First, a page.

Missing picture

Modern Transmission Line Theory and Applications

John Wiley and Sons, New Jersey, 1980

This book was written more than 35 years ago, so it's hard to emphasize the "Modern" in the book. The transmission line equations and their solutions, the device analyses, the S parameter network theory, etc., of course have not changed, so this book is for most topics still current.

The book was written in the 1970s, before the era of powerful personal computers and very inexpensive computer memory. The numerical analyses of transmission line parameters were written in 1970s Fortran and use only the very limited memory available at the time. These programs will still run on any computer with a Fortran compiler installed, but the user interested in these programs would do much better looking to a current book such as the Introduction To Numerical Electrostatics described on this website.

From The Jacket-Leaf

This book covers the latest methods for properly considering transmission line effects, and the calculation of transmission line properties as a function of materials and geometries. Emphasizing the properties of stripline and microstrip circuits, the author explans that, at high enough frequencies, almost ever interconnection in a circuit exhibits transmission line properties and that, if these circuits are to be well deisgned, the transmission lines in the circuit must be appropriately treated as part of the circuit.... and the it is no longer possible to separate the transmission line user from the transmission line designer - not only are the lines present, but their properties are functions of the circuit layout itself.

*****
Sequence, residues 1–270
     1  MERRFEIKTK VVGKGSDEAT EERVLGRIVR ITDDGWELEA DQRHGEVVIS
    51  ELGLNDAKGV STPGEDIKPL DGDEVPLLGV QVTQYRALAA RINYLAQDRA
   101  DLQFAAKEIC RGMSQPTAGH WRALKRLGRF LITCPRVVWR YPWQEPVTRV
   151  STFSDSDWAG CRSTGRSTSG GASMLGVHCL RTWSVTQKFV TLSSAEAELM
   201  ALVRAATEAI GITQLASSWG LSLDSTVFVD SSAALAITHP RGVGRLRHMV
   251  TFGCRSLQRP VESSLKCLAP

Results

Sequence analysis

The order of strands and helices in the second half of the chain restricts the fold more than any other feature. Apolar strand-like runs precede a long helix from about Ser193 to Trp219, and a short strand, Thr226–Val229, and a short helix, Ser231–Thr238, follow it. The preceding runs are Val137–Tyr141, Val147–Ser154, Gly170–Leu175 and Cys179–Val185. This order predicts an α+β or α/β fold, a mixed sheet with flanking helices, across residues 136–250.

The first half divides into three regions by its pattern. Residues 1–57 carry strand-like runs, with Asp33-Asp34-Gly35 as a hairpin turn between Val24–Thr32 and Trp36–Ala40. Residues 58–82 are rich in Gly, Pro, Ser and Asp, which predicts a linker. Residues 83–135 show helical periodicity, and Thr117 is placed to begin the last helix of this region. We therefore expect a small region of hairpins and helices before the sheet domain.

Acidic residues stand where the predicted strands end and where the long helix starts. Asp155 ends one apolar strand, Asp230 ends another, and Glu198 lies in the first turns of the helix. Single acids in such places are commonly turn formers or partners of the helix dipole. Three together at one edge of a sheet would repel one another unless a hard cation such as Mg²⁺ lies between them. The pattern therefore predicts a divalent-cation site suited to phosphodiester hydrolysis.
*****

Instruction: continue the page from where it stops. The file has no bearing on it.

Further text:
The book begins with a review of the underlying foundations of conventional transmission line theory; basic equations are derived and terms are defined. Following is a discussion of scattering (S) parameters - the only convenient method for measuring transmission line parameters at high frequencies...

The next two chapters discuss properties of various transmission line structures relevant to circuit design. Chapter 7 then shows how the skin effect - a primary loss mechanism in transmission lines - can be evaluated for almost any structure. Chapter 8 introduces coupled transmission line devices, while chapters 9 and 10 treat several approaches to finding single and coupled line parameters..... In chapter 11, the treatment of a broad class of transmission line devices used to match impedances, ..... And finally, chapter 12 presents various useful tricks for building practical circuits.


Section 6.4 is an incorrect conformal transformation analysis.